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How Airway Obstruction Develops?

Date Added: January 01, 2008 10:06:36 PM
Category: Health

Airways or air passages blocked can be a very scary situation. When we are deprived of food or water, the discomfort is minimal and slowly progresses as days or weeks go on. But with acute air deprivation, the discomfort is instant and severe, not to mention life threatening within seconds. So the urgent question is how airway obstruction develops. This question is best answered now than in times of emergency.

Basically, when the upper airway is blocked by a foreign matter or any internal inflammation, air passage is constricted and that's how airway obstruction develops. The air obstruction could be in the trachea area or the trachea itself, or the laryngeal (voice box) or the pharyngeal (throat) areas.

Airway obstructions may be caused by several inflammatory factors, like viral and bacterial infections, for instance, or fire or inhalation burns, or burns and reactions chemically induced. Or, most commonly, reactions caused by certain allergens, or even those caused by trauma---such as shock causing swallowed food to be stuck. Such obstructions may completely block the airways or partial obstruct the same. This starts how airway obstruction develops.

Partial obstruction induces partial air blockade in the airways, while complete obstruction---which often creates prolonged obstruction problems and oxygen deprivation---may result to a deathly bluish discoloration of the face. This means oxygen is being deprived the blood, and a severe lack of oxygen in the blood circulation is how airway obstruction develops brain and other organ malfunction. This is not to mention how airway obstruction develops rapid lethal breakdown of lung functions. Immediately, disorientation occurs, or in more serious cases, unconsciousness. If not immediately remedied, harrowing death is how airway obstruction develops and ends.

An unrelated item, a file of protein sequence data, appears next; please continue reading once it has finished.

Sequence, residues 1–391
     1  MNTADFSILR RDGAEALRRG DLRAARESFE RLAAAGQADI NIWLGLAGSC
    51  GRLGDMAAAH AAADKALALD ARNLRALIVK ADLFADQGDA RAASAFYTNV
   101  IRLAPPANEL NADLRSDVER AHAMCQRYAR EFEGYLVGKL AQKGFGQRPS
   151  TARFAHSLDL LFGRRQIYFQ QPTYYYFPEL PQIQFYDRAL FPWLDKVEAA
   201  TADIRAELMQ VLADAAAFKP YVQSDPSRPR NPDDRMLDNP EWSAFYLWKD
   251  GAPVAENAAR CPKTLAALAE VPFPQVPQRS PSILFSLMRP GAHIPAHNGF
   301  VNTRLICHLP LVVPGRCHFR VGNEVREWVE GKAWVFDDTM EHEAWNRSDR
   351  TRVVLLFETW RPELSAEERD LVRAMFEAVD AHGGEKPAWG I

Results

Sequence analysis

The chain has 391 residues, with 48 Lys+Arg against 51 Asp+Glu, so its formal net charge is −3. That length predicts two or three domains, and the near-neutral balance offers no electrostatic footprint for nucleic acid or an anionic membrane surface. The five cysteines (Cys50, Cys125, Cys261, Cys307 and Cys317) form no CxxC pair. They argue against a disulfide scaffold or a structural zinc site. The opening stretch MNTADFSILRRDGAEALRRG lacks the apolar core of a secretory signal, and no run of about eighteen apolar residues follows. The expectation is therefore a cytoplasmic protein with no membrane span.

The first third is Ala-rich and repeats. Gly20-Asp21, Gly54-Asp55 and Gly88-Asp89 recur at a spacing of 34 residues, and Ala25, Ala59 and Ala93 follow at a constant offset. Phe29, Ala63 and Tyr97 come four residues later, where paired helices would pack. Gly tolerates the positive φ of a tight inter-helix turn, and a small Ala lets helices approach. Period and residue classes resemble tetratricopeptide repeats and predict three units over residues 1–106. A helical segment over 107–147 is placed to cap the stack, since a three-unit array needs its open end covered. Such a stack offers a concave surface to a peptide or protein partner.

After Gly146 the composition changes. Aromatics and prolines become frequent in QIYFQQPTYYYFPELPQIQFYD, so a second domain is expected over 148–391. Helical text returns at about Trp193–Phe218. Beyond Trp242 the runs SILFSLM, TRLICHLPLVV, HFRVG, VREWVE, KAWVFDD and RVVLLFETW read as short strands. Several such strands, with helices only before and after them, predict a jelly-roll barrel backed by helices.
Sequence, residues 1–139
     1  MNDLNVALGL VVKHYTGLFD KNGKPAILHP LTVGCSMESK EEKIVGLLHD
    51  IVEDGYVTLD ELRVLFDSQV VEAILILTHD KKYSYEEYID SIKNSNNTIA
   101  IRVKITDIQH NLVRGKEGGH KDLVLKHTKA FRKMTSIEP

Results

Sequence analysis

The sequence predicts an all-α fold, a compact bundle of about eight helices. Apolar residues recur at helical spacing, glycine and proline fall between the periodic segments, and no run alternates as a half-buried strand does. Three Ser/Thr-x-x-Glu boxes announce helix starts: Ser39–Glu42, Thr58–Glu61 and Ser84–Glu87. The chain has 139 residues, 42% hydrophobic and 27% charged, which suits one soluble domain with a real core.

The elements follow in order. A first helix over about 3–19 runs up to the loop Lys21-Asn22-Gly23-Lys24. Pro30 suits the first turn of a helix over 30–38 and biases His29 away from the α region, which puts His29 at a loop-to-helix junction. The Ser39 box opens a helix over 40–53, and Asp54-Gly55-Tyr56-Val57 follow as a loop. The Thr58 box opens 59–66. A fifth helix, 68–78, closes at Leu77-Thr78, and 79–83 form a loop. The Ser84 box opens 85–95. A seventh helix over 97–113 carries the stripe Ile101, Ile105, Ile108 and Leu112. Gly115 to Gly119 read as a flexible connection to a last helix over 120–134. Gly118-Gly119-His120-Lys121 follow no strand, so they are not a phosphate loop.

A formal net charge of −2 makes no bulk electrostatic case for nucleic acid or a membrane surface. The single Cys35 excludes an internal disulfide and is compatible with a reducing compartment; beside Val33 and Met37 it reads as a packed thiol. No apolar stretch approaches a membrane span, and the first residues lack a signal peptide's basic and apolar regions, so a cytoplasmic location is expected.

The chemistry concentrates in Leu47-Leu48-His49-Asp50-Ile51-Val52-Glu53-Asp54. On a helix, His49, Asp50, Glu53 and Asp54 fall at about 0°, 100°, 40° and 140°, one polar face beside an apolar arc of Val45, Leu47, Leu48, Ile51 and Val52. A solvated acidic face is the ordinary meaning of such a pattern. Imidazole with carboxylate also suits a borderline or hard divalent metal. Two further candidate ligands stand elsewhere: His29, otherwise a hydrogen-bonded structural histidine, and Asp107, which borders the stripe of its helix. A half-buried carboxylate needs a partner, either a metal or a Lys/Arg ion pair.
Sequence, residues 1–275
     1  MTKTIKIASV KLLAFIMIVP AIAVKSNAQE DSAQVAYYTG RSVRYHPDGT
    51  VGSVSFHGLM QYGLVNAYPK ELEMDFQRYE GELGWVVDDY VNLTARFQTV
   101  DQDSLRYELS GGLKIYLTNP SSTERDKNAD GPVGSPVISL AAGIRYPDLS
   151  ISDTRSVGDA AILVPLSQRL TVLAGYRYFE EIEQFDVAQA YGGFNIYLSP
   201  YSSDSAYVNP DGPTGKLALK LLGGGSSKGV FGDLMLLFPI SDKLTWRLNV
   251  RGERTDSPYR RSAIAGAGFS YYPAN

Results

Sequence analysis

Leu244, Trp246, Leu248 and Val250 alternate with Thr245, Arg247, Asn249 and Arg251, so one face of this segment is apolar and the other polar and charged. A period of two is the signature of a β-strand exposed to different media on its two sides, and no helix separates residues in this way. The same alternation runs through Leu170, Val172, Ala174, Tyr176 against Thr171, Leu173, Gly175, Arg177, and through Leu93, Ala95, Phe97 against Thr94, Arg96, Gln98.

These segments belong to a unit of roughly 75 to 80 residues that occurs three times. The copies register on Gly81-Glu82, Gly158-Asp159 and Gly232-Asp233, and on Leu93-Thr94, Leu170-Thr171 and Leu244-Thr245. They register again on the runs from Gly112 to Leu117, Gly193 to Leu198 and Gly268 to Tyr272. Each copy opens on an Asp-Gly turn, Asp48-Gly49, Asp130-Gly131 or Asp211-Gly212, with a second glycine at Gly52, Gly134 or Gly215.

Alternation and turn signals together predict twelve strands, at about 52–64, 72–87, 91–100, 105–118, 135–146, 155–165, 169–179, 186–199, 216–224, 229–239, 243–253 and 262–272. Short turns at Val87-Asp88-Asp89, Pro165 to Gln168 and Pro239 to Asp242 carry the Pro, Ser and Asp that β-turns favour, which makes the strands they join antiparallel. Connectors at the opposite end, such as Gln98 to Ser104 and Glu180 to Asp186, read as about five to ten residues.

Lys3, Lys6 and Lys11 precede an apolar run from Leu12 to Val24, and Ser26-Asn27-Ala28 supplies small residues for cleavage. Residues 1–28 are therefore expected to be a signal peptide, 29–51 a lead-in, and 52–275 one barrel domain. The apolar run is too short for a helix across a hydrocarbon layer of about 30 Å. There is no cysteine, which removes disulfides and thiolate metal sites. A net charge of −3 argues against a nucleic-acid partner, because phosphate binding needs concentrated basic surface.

Acute air passage obstruction symptoms are easy to diagnose. Sudden and dramatic difficulty of breathing is one, or excessive choking that turns the person blue and desperately gasping for air. In contrast, chronic airway difficulty is mostly gradual in nature and produces a partial effect on the airways. Asthma falls in this category. So may severe tonsillitis. This is how airway obstruction develops initially in asthma cases: An allergen is inhaled or introduced into the nasal airways and down the trachea areas. The allergens trigger a respiratory allergic reaction and the first signs of difficulty manifests in the breathing.

Choking is also one way how airway obstruction develops. When foreign matters enter the trachea pipe instead of the esophagus, and vice versa, choking occurs.

It is important to know now how airway obstruction develops than to wait for it to happen.

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